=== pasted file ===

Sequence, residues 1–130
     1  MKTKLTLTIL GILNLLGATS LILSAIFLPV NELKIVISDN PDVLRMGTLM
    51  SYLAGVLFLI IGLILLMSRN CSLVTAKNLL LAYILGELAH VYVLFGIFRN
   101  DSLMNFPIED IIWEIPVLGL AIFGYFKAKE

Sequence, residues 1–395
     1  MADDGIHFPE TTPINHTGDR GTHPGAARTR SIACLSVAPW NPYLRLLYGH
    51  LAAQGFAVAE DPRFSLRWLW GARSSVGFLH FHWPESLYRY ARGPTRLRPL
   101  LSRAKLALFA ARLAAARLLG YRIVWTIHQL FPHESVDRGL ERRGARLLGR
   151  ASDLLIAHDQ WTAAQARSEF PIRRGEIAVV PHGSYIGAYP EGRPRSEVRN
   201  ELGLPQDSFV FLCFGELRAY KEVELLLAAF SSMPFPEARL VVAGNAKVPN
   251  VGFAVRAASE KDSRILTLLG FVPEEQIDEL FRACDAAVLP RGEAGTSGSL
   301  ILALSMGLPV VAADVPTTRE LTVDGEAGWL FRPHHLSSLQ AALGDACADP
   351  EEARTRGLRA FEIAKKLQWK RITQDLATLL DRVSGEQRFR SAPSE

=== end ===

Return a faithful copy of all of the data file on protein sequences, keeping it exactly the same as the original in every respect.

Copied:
Sequence, residues 1–130
     1  MKTKLTLTIL GILNLLGATS LILSAIFLPV NELKIVISDN PDVLRMGTLM
    51  SYLAGVLFLI IGLILLMSRN CSLVTAKNLL LAYILGELAH VYVLFGIFRN
   101  DSLMNFPIED IIWEIPVLGL AIFGYFKAKE

Sequence, residues 1–395
     1  MADDGIHFPE TTPINHTGDR GTHPGAARTR SIACLSVAPW NPYLRLLYGH
    51  LAAQGFAVAE DPRFSLRWLW GARSSVGFLH FHWPESLYRY ARGPTRLRPL
   101  LSRAKLALFA ARLAAARLLG YRIVWTIHQL FPHESVDRGL ERRGARLLGR
   151  ASDLLIAHDQ WTAAQARSEF PIRRGEIAVV PHGSYIGAYP EGRPRSEVRN
   201  ELGLPQDSFV FLCFGELRAY KEVELLLAAF SSMPFPEARL VVAGNAKVPN
   251  VGFAVRAASE KDSRILTLLG FVPEEQIDEL FRACDAAVLP RGEAGTSGSL
   301  ILALSMGLPV VAADVPTTRE LTVDGEAGWL FRPHHLSSLQ AALGDACADP
   351  EEARTRGLRA FEIAKKLQWK RITQDLATLL DRVSGEQRFR SAPSE